Grant Helps African American History Museum Regain Momentum

Failed furnaces put collections at Fort Wayne’s African/African-American Historical Society Museum at risk.

Fort Wayne African American Historical Society Museum

A Gift to the Community

At one time, the neighborhood southeast of downtown Fort Wayne was home to many of the city’s Black residents. As the business district expanded following World War II, commercial buildings, offices, and parking lots claimed many of the area’s older houses. One unlikely survivor serves today as home of the African/African-American Historical Society Museum of Fort Wayne, founded in 2000 to share the cultural heritage of Africa and the achievements of Blacks locally and nationally.

Located at 436 E. Douglas Avenue, the duplex that houses the museum’s collection has its own story to tell. It is the only building still standing in Fort Wayne once listed in the Negro Motorist Green Book, a travel guide for African Americans published between 1936 to 1967 to chronicle businesses safe to visit.  Listed as “Mrs. B. Talbot’s Tourist Home,” the large Victorian residence offered shelter for Black travelers who were not welcomed in local, white-owned hotels.

The museum includes the area’s largest public collection of African art, as well as documents, photos, and artifacts highlighting Allen County’s Black and African American history from 1809 to present day.

The organization flourished in its mission until COVID temporarily closed its doors to regular visitors. The museum’s central heating system began to malfunction in early 2022, affecting hours of operation and threatening the valuable artifacts stored inside.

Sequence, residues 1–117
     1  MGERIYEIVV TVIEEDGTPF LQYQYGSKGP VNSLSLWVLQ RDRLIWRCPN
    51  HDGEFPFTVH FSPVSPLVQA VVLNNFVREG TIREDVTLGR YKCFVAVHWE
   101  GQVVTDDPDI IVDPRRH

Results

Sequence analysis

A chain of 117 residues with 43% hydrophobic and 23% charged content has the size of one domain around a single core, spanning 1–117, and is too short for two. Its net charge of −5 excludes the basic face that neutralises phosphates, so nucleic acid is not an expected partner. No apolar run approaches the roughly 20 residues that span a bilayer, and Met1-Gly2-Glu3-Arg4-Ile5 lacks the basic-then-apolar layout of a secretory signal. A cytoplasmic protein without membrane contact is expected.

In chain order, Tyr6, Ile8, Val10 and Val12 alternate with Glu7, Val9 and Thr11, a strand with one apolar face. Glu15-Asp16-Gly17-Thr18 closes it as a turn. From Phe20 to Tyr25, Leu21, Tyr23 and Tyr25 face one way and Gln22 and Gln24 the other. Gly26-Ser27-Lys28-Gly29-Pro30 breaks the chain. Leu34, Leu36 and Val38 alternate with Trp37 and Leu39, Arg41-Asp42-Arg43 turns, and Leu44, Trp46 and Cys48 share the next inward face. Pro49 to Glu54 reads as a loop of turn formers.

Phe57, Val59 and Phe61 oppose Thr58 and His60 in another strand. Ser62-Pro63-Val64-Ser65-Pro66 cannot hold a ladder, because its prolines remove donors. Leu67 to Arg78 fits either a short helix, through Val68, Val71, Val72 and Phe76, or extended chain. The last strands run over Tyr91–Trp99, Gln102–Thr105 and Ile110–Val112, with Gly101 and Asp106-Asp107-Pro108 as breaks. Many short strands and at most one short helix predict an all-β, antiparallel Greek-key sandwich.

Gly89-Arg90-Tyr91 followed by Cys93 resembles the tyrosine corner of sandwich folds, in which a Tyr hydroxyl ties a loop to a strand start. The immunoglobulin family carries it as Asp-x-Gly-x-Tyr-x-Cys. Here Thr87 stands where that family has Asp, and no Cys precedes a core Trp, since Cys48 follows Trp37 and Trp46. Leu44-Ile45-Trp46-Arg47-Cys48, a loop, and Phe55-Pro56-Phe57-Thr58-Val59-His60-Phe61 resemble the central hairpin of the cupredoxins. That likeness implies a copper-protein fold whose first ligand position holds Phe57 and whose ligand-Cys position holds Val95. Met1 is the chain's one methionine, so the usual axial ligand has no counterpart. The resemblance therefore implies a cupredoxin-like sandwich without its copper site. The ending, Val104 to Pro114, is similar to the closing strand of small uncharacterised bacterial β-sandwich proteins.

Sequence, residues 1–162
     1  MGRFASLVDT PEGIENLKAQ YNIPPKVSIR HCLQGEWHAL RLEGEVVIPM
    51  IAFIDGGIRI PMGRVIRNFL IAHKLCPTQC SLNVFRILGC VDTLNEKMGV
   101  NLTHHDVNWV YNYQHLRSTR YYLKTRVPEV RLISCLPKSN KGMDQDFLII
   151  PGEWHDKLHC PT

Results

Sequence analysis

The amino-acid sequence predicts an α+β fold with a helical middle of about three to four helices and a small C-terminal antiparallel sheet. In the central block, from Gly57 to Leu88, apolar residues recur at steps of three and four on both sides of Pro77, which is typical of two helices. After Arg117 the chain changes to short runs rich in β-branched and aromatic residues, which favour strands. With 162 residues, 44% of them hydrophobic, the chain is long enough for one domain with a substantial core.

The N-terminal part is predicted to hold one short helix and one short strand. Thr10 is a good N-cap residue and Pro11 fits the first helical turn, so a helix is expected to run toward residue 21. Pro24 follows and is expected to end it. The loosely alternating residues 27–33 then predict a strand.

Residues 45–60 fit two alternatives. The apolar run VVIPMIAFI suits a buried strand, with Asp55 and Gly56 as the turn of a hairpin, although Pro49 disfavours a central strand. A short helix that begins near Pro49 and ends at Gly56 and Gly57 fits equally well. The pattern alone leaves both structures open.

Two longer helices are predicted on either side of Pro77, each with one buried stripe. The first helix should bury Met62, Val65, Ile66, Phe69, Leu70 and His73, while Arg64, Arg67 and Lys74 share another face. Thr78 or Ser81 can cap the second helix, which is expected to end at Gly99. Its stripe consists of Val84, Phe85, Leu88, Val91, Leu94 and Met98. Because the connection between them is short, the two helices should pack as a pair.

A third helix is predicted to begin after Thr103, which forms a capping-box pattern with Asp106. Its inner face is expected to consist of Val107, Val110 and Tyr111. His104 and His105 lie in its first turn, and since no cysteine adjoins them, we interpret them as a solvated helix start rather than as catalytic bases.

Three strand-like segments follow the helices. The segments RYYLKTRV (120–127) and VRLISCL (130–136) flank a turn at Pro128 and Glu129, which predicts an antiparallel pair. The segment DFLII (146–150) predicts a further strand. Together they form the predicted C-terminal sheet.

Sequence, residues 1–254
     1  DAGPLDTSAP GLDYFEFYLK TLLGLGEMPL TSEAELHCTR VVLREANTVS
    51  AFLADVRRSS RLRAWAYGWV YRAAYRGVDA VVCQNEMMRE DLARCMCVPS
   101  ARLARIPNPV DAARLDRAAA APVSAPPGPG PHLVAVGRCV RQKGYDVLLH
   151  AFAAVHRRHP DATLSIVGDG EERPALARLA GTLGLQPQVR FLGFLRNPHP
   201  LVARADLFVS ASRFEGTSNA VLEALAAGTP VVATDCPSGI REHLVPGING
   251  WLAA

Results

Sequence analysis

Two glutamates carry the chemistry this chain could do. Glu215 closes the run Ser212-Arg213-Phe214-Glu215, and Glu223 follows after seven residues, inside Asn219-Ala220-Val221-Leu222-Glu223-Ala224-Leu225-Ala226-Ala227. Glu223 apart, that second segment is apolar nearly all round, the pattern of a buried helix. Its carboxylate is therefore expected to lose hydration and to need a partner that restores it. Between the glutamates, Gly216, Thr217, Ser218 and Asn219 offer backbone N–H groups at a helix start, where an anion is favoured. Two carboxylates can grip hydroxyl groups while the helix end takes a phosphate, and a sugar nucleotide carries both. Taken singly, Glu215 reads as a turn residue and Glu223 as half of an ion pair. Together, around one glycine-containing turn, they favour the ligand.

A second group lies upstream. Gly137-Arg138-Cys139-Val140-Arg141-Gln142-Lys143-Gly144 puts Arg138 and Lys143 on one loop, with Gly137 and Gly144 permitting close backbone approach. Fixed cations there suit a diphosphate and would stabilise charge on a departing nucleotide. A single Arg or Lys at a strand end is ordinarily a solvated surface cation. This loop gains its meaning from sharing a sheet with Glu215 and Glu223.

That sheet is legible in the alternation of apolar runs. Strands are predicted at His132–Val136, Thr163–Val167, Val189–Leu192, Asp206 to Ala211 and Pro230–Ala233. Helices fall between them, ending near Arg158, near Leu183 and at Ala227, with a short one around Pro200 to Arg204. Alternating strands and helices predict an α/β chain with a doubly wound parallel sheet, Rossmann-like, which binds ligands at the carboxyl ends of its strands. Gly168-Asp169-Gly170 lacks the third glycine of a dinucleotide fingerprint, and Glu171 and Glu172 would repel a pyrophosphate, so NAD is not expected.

Now, the museum is beginning to regain its momentum, aided by a $7,500 grant from the Standiford H. Cox Fund of the Central Indiana Community Foundation to help install a pair of high-efficiency furnaces, providing consistent heat to the building. Indiana Landmarks serves as a preservation advisor to the fund, which supports the restoration, preservation, operation, and ongoing maintenance of African American sites in Indiana.

“Without a proper heating system, our organization was in jeopardy and our collection was at risk,” says Leah Reeder, museum board chairman. “We can now keep our doors open to all, preserving historical artifacts and educating the next generation about the rich heritage contained within our walls. The Cox Fund grant is not only a gift to our organization but to our community as a whole.”

You can learn more about the museum on Facebook. To schedule a visit, call 260-467-1457 or email

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